Groping for God: Why and Where Catholics Blog

While Paul was waiting for them in Athens, he grew exasperated at the sight of the city full of idols. So he debated in the synagogue with the Jews and with the worshipers, and daily in the public square with whoever happened to be there. (Acts 17:16-17)

Yesterday the online religion site Patheos debuted a new look. It’s streamlined, consistent, and accessible, and what’s more important, making the transition didn’t appear to overly fry the brains or exhaust the tech skills of anyone involved. Last night on Facebook, Patheos Catholic Channel Editor Elizabeth Scalia, who blogs as The Anchoress, posted a clip of The Beatles’ “I Feel Fine” as a sigh of relief when announcing the new look. Her post drew mostly favorable comments, but one reader questioned the wisdom of Catholics’ being present on a site that provides equal exposure to all religious and philosophical traditions, including atheism. Doesn’t this smack of collaboration with relativism? And isn’t it irresponsible to participate in forums where Catholics whose hold on the faith is tenuous might be led astray into other, sexier spiritual paths? Shouldn’t there be an official Catholics-only site to which folks could reliably turn for respite from the way the world portrays and assaults us?

These are good, important questions, and I don’t want my paraphrasing of the commenter to misrepresent his sincerity and respect in asking. Elizabeth responded that she continues to pray over these considerations, and will address them at greater length once she’s slept off the past several weeks’ work of steering the Patheos Catholic Channel transition around icebergs and bringing it into port with all hands still on deck. But she was clear that it’s a deck we Catholics need to be on:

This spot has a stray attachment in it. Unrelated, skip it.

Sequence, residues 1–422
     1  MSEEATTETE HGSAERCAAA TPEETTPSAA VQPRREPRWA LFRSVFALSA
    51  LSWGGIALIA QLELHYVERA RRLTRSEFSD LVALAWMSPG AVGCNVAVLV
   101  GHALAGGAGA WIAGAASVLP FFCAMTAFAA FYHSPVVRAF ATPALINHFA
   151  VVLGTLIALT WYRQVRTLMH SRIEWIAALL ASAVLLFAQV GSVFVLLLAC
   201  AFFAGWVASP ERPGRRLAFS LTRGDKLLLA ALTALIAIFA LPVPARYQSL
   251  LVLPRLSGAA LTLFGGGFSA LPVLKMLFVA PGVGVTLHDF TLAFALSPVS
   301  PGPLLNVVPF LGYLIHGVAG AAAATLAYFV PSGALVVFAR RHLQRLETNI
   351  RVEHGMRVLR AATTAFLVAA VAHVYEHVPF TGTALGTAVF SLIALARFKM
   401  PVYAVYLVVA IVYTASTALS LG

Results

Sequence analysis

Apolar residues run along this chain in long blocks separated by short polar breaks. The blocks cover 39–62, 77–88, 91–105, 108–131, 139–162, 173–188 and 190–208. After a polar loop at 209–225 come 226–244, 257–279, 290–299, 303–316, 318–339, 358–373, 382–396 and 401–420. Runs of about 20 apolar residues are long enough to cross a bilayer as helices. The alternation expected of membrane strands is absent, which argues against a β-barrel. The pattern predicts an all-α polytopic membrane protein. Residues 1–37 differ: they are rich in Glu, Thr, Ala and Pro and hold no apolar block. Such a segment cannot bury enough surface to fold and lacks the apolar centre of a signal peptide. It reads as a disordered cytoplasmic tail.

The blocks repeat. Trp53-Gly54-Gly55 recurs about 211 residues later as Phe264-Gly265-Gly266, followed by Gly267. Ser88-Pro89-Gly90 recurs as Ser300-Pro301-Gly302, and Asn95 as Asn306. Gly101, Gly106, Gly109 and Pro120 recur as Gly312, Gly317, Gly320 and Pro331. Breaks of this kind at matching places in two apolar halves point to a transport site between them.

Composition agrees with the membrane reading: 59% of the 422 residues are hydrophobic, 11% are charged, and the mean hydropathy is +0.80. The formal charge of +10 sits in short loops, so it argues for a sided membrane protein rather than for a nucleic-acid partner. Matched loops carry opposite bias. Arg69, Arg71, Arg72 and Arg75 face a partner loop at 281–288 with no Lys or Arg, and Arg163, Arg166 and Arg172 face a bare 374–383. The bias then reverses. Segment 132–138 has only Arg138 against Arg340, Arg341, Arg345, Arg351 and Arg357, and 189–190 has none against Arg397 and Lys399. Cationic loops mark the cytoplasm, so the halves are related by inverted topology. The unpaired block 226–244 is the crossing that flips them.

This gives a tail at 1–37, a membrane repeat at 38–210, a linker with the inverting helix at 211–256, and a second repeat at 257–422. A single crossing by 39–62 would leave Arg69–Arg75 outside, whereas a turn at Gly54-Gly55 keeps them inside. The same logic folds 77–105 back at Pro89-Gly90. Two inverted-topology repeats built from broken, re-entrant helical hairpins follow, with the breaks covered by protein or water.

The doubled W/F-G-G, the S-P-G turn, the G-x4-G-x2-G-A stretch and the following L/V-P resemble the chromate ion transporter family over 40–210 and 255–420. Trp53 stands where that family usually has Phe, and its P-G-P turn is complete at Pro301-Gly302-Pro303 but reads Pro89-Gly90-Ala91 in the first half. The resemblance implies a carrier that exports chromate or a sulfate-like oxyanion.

There is going to be this website bringing all of these POVs and beliefs together. Then, as a Catholic, don’t I want to step up to the plate and have a say in how she is represented? Our own pope has said that there are pieces of the truth in every religion, but that we have the fullness of truth. Our previous pope said we have to live in the world as it is, and that means with all of these varieties. My hope, then is to make sure my church is fairly, accurately, optimistically and enthusiastically represented and that we will be inviting enough to assist the Holy Spirit. It’s all I can do.

I seconded that, citing the example of Paul’s preaching at the Areopagus in Athens.

But as a neophyte in the Catholic blogosphere, I realized that there are questions behind the commenter’s questions that I’ve not really answered–or even asked–for myself. With the US Bishops’ recent request that Catholic media professionals use their voices to engage readers in the struggle to define, claim, and defend religious freedom in this country–which Fr Z took a step further by encouraging the bishops to enlist bloggers specifically–and with the initiatives of the New Evangelization and the Year of Faith calling for more involvement by Catholics in the global marketplace of faith and values, there’s growing interest in the role of the Catholic blogger. Following the inspiration of the Vatican, which hosted an international bloggers’ summit last year, this summer’s Catholic New Media Conference will feature a day-long opportunity for bloggers to confer, converse, and otherwise hobnob with their brother and sister wizards. The Patheos upgrade seems as good an occasion as any to note that the Catholic blogosphere has come of sufficient age to engage in meta-analysis. Four key questions we might ask (or continue to ask and discuss, where we are already asking them) are: